At a news conference in Germany, President Barack Obama has revealed the US does not yet have a “complete strategy” for helping Iraq regain territory from Islamic State (ISIS).
He said the Pentagon was reviewing ways to help Iraq train and equip its forces.
However, Barack Obama said a full commitment to the process was needed by the Iraqis themselves.
The president had earlier met Iraqi PM Haider al-Abadi on the sidelines of the G7 summit in Germany.
ISIS has recently made gains in Iraq despite US-led coalition air strikes.
In May the militants seized Ramadi, the capital of Anbar, Iraq’s largest province, as well as the Syrian town of Tadmur and the neighboring ancient ruins of Palmyra.
US officials cited a lack of training as a major factor in the fall of Ramadi.
However, Barack Obama said that the 3,000 US service personnel in Iraq sometimes found themselves with “more training capacity than we’ve got recruits”.
“We don’t have, yet, a complete strategy, because it requires commitments on the part of Iraqis as well about how recruitment takes place, how that training takes place,” Barack Obama told a news conference.
“We want to get more Iraqi security forces trained, fresh, well-equipped and focused and [Haider al-] Abadi wants the same thing so we’re reviewing a range of plans for how we might do that.”
President Barack Obama said he was “absolutely confident” ISIS would be driven out of Iraq if Haider al-Abadi has the support of the international coalition as well as a government that represents all the Iraqi people.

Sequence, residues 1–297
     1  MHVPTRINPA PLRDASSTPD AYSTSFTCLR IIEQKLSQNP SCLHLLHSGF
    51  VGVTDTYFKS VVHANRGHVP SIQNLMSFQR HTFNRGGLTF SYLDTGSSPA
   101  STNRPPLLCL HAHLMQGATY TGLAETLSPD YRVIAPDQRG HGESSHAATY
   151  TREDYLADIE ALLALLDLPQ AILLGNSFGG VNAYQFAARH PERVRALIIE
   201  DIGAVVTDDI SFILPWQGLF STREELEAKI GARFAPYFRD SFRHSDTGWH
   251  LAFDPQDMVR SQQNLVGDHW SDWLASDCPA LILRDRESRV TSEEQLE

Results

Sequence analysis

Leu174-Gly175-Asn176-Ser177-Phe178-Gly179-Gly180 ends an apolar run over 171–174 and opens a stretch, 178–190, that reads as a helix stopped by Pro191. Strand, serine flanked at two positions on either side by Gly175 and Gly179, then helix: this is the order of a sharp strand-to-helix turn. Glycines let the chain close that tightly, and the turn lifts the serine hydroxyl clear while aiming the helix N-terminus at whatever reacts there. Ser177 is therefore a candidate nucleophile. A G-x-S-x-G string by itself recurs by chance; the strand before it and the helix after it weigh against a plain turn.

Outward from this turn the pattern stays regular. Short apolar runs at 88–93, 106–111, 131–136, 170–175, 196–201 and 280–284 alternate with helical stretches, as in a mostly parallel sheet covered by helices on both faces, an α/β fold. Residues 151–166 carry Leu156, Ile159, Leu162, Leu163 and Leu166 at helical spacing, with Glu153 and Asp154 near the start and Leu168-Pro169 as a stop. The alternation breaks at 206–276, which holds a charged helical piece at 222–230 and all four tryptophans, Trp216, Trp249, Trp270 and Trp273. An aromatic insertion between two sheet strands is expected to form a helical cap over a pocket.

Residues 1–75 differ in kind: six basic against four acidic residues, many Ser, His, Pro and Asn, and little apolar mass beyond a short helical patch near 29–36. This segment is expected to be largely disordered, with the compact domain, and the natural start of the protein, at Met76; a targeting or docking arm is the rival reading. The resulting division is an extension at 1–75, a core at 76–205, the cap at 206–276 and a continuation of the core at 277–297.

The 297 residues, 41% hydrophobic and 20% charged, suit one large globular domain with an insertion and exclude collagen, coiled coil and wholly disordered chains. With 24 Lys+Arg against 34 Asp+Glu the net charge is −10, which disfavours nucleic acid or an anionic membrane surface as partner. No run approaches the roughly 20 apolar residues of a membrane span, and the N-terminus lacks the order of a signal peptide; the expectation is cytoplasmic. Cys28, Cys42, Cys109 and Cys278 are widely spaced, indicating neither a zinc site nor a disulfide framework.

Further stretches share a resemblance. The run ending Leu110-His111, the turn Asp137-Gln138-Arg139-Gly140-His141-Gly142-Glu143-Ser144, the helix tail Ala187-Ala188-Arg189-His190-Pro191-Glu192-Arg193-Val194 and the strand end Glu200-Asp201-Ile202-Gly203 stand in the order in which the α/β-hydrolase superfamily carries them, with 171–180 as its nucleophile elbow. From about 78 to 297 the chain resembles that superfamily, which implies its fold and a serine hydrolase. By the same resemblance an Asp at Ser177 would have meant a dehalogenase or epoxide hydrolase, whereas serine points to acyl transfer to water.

The president said all countries in the coalition were ready to do more to help train Iraqi security forces.
Iraq has become increasingly reliant on Iranian-backed Shia militias to take on ISIS in recent months.
The second day of the G7 summit in Germany is being dominated by the climate change and extremism talks.
German Chancellor Angela Merkel wants the economic powers group to reach an agreement on limiting global temperature rises.
Angela Merkel also wants G7 members to contribute to a fund for poor countries suffering the worst effects of climate change.
There will also be talks on the threat from radical extremism with the leaders of Nigeria, Tunisia and Iraq.
G7 summit is being held at the picturesque Schloss Elmau hotel in Krun in the Bavarian Alps.
It is being attended by President Barack Obama, UK PM David Cameron, Japanese PM Shinzo Abe, French President Francois Hollande, Canadanian PM Stephen Harper and Italian PM Matteo Renzi.
The first working session on June 8 will focus on climate and energy, with Chancellor Angela Merkel trying to get leaders to agree to keeping temperature rises within 2C of pre-industrial levels.
Angela Merkel is hoping to secure commitments from her G7 guests on tackling global warming to build momentum before a major UN climate summit in Paris in December.
Later, G7 leaders will be joined by Iraqi PM Haider al-Abadi, Nigerian President Muhammadu Buhari and Tunisian President Beji Caid Essebsi to discuss the threat posed by groups like Islamic State (ISIS) and Boko Haram.
On June 7, David Cameron said the UK was sending an extra 125 military trainers to Iraq to help in the battle against IS, describing the militants as “the biggest threat” G7 leaders had to address.
ISIS continues to control large swathes of Iraq and Syria despite being the target of a US-led air campaign against them.
In Nigeria, a similar regional battle is being fought against Boko Haram militants who have carried out attacks since 2009 to try to create an Islamic state.
The 41st G7 summit is held in Schloss Elmau, Krün, Bavaria, Germany on June 7–8, 2015.